During the first weeks of the new tennis season, the top players are usually at their most relaxed. As they step forward into the new year after quality time away from competition, they arrive in Australia before the toll of constant travel, countless matches and numerous frustrating losses leaves its mark.

But this was no normal Australian Open. The tournament began in the shadow of unprecedented drama as Novak Djokovic’s visa saga played out for nearly two weeks. His building was surrounded by human rights activists protesting for the thirty-plus refugees detained indefinitely, hundreds of Serbian-Australians and numerous anti-mandate protesters. After many long, dull court hearings expedited at the speed of light, it ended with Djokovic being deported from the country on the eve of the tournament.

This had nothing to do with any of the other players, many of whom had not been vaccinated a few months ago but chose to do so in order to compete, yet the vibes across the Australian Open at the beginning of the tournament were off. Djokovic’s deportation loomed large, with players constantly peppered with questions about him. Naomi Osaka summed up the mood as she passed on giving an answer. “Is my opinion going to help anything?” she said.

Yet what unfolded over the following two weeks is an affirmation of the sport itself and the moments of joy, levity and hope it brings. From the first rounds of a grand slam tournament when 256 men and women play for the titles, almost every round has the potential for someone to enjoy one of the best days of their life.

One of the most poignant stories of the fortnight was Alizé Cornet’s long-awaited moment in the sun. While contesting her 60th consecutive grand slam tournament at 32 years old, Cornet finally reached a quarter-final. In one of the most joyous moments of her life, Cornet used it to shine a light on Jelena Dokic, the interviewer, applauding her strength for being a survivor of abuse.

Her compatriot, Gaël Monfils, entered the press room at 1am on Wednesday morning after a tight quarter-final loss to Matteo Berrettini, yet as he talked with two English-speaking journalists he delivered one of the most emotional moments of the event by resolving to fight for the possibility of winning a grand slam title. “All the time in my career, I never made the good decision [on court],” he said. “I’m fine with that. I must say I’m very fine with that, but I believe I can click once. Before I finish, I believe that once I will do it. So, that’s my faith.”

The Special Ks continued to rise as Nick Kyrgios and Thanasi Kokkinakis won the men’s doubles title. Osaka bounced back, losing in the third round but tackling her career with a greater perspective that she hopes will carry her through the season.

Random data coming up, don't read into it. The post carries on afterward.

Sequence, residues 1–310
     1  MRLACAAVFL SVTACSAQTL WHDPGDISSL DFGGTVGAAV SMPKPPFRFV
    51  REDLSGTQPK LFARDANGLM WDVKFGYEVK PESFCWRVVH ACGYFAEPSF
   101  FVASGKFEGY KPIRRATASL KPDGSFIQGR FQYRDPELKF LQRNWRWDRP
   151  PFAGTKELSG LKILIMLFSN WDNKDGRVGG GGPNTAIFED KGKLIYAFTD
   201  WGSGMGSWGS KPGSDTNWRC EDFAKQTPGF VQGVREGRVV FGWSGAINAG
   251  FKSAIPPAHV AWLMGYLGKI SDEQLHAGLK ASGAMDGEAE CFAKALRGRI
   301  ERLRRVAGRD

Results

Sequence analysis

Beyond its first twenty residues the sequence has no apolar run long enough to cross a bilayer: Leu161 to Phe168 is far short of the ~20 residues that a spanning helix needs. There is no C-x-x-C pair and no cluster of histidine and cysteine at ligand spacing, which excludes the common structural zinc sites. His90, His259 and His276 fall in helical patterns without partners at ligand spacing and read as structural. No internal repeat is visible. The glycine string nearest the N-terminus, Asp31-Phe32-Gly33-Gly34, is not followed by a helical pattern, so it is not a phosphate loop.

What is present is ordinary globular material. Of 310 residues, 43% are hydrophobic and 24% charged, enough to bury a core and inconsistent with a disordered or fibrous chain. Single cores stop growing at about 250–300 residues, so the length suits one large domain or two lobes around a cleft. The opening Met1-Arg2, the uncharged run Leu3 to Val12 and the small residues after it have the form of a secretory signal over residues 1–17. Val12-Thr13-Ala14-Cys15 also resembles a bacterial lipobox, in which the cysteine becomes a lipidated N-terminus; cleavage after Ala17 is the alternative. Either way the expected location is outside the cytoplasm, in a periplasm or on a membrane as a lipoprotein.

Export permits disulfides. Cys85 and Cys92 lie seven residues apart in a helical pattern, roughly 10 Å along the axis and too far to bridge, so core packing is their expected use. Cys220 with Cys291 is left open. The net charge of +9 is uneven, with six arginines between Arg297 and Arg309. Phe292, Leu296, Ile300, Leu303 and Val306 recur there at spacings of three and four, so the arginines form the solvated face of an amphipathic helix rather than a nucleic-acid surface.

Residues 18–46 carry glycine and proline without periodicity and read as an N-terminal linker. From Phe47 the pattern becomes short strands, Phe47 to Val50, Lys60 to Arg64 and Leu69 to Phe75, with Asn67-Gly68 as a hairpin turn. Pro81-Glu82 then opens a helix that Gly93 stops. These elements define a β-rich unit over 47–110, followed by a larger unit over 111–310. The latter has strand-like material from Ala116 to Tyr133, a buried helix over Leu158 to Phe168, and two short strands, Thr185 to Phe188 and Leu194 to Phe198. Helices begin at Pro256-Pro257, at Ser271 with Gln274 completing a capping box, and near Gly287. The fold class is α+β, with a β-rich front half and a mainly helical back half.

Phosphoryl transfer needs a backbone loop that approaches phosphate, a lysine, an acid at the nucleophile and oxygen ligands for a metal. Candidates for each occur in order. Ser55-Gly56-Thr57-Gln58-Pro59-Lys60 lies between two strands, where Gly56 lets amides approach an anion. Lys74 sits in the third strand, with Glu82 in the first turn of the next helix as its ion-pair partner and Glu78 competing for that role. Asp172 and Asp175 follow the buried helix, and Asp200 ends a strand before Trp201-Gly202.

Carlos Alcaraz, the next great hope, ploughed on. Two 17 year-old trailblazers emerged in the the juniors, with Angella Okutoyi becoming the first Kenyan player to ever win a junior grand slam match as she reached the third round and Meshkat al-Zahra Safi becoming the first Iranian to win at a junior major.

Danielle Collins (left) and Ash Barty clasp hands at the net at the end of the women’s singles final
Danielle Collins (left) and Ash Barty clasp hands at the net at the end of the women’s singles final. Photograph: Andy Cheung/Getty Images

The tournament ended with a variety of lessons and ample perspective. Danielle Collins is only nine months on from a surgery to remove a tennis ball-sized cyst from her uterus due to her endometriosis, yet she marched all the way to the final, taking her chance with a performance of the highest quality. As she won and won, Collins was continually open about her health problems and, at times, the crippling effects they have had on her.

Ash Barty had arrived in her home slam as the heavy favourite and in her third Australian Open as the world number one. With all of the pressure that can arise in front of a home crowd, Barty blocked the world out and picked apart her opponents one-by-one to take her first Australian Open title, delivering an all-time great sporting moment before a huge audience.

Barty’s victory was watched by a record-breaking average national audience of 3.577 million and, a day later, the men’s final became an instant classic as Rafael Nadal and Daniil Medvedev did battle. Nadal had no reason to expect that he would still be present in the draw by this point in the tournament. Just reaching the final had already been enough for him to react with tears. His preparation for the tournament was a mess, yet his mental fortitude carried him through to one of the most astounding wins of his storied career.

Despite the gloom at the beginning of the tournament, what unfolded at Melbourne Park was an extraordinary few weeks and there will probably never be anything like it again. It is a reminder that no player is bigger than the sport, but also that, despite its flaws, tennis has a knack of providing uplifting, human moments from the least celebrated players in the earliest rounds right until the end.